The front end question was about putting a newer Camaro/Firebird or similar front end under the car to include power steering.  The existing front end seems tight but I am going to pull the front clip off to make the motor/transmission install easier so there would not be a better time to do it.  There are arguments to made for keeping this relatively rare car original but anymore, I am not sure it makes much difference in the end value or desirability.  I know they only made 2905 Star Chief Safaris in 1958 and I wonder how many are left?

Good news on the steering box.  Maybe with a set of Ram Horn exhaust manifolds it will not be an issue.  

Who is Mrs. Grundy?

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Mrs. Grundy is either the teacher from Riverdale High School in the old Archie's comics or Jim Grundy's wife (of Grundy Collector Car Insurance fame).

Okay, so you when you are saying a new front end, you actually mean cutting the front half of the original frame off and grafting/welding in a sub-frame from a 2nd-gen Firebird/Camaro/Nova. Obviously this will take a lot more time and money to cut, fabricate, and align correctly. However this is done primarily to take advantage of the performance and steering parts available for the 2nd-gen cars over the stock suspension of the Chieftain. I understand your desire to possibly go down this path.

Other things you have to consider are mounting points for the radiator core support, lower fenders mounts, and bumper bracket mounting points on the frame. All these will have to verified, and if they don't match up, then a solution will have to be fabricated. This is a task that will require a significant amount of time and money but would be worth it in the end.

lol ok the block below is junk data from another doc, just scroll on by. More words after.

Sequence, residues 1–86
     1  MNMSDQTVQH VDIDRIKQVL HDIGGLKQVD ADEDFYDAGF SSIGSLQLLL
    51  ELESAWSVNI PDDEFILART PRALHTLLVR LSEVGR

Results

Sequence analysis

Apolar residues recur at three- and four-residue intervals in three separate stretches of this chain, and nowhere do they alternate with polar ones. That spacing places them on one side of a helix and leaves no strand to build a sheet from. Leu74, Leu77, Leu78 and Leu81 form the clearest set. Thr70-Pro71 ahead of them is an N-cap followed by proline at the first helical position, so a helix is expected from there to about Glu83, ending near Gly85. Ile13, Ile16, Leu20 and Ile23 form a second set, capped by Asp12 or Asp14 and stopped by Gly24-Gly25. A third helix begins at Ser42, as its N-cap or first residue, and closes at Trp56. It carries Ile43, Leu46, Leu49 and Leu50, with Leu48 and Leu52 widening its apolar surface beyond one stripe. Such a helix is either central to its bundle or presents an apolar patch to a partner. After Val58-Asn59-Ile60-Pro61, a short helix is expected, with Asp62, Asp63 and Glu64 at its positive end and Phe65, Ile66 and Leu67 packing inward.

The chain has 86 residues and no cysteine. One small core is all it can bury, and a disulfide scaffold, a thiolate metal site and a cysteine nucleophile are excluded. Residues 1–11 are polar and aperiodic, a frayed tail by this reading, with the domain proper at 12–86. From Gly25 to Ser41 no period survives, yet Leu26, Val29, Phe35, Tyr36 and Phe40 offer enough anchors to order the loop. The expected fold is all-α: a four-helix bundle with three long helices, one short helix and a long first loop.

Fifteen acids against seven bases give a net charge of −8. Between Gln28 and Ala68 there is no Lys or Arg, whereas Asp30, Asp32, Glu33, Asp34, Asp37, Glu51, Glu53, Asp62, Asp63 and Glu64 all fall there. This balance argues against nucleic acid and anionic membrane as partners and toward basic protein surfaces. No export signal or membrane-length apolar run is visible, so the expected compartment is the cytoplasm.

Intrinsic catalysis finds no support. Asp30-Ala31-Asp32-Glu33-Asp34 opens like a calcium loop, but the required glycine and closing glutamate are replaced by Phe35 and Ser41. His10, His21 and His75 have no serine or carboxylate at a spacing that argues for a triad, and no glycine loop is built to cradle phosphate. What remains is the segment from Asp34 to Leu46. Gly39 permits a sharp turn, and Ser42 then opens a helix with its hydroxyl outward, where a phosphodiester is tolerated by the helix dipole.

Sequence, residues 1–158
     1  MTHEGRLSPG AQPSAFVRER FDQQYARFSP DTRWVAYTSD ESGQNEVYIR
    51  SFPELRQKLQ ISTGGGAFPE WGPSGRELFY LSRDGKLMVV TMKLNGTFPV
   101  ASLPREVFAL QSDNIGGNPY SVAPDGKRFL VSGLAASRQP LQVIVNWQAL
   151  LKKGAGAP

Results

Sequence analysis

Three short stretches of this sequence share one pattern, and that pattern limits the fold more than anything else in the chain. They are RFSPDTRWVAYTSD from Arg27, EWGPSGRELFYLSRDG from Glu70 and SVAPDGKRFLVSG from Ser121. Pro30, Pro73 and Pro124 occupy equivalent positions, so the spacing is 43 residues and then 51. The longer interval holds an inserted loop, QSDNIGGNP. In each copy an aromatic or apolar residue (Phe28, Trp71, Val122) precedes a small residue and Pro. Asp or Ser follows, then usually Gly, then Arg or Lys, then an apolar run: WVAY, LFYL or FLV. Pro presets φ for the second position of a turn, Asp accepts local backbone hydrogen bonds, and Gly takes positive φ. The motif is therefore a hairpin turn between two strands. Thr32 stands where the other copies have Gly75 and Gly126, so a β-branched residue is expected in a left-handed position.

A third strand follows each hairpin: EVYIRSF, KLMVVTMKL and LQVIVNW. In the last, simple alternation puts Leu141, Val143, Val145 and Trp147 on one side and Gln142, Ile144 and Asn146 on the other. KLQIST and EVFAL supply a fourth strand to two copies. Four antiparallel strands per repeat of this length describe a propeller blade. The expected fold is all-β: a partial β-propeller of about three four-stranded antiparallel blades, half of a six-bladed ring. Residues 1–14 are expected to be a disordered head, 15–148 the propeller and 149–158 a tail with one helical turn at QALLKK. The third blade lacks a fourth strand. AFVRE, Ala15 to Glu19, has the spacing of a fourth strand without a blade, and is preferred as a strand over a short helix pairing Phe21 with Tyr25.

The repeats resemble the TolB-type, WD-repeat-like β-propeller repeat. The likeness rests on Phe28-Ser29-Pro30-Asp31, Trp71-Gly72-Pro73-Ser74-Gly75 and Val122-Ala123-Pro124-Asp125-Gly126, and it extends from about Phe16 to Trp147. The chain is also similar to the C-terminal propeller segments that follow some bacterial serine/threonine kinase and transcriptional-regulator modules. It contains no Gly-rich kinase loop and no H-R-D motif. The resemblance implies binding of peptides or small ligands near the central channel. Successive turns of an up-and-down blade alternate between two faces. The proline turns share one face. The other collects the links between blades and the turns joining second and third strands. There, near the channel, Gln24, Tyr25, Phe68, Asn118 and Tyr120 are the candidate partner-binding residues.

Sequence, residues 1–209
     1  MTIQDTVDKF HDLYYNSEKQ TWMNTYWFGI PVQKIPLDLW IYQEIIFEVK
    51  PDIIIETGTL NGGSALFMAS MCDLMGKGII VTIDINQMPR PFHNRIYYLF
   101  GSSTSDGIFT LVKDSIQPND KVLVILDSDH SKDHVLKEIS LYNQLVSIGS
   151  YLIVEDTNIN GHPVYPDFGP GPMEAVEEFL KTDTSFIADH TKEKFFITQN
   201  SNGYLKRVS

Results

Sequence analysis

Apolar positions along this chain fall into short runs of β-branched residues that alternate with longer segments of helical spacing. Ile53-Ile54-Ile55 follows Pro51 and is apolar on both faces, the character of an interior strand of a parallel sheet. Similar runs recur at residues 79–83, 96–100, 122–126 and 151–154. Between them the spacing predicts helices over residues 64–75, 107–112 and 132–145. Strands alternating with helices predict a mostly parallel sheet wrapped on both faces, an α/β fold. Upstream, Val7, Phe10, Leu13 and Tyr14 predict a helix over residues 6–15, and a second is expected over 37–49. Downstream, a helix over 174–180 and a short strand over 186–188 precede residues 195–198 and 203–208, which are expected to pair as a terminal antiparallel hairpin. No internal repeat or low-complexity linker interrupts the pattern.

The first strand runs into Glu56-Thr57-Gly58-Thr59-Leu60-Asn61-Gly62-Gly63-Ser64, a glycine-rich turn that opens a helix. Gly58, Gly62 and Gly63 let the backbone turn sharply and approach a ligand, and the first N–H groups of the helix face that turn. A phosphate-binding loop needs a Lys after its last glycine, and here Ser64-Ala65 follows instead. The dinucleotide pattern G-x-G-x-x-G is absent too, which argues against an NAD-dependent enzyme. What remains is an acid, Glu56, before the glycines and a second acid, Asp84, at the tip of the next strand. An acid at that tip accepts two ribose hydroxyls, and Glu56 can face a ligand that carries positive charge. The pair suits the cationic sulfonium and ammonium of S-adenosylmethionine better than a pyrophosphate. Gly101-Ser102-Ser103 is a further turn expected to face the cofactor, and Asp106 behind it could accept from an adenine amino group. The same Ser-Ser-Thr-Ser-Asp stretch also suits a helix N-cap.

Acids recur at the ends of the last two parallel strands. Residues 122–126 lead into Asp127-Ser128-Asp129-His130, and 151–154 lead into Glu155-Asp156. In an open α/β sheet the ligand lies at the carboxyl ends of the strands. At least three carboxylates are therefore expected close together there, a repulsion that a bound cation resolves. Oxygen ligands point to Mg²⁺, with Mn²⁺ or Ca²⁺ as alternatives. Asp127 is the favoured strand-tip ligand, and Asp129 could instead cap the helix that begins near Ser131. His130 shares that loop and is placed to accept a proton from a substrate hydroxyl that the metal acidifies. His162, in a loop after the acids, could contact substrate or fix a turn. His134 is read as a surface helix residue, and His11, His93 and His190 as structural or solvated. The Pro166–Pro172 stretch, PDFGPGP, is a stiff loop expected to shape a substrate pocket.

However, before you go to this expense, be honest with yourself. What are your goals with the car? Are you looking for a resto-mod with street corning capabilities or a nice, reliable cruiser?

If you want a near-auto cross capable vehicle, then a new sub-frame or perhaps a totally new custom frame for TCI or Art Morrison would be a better choice. It is an expensive option, however you would get a completely engineered frame (front to back) to support your car for traction, steering, sway, performance braking, and you can get it with your choice of engine/transmission mounts. Given that your car is one of 2905, I'd prefer to not cut up the frame but rather sell it. Someone will buy it....assuming you go the new frame route.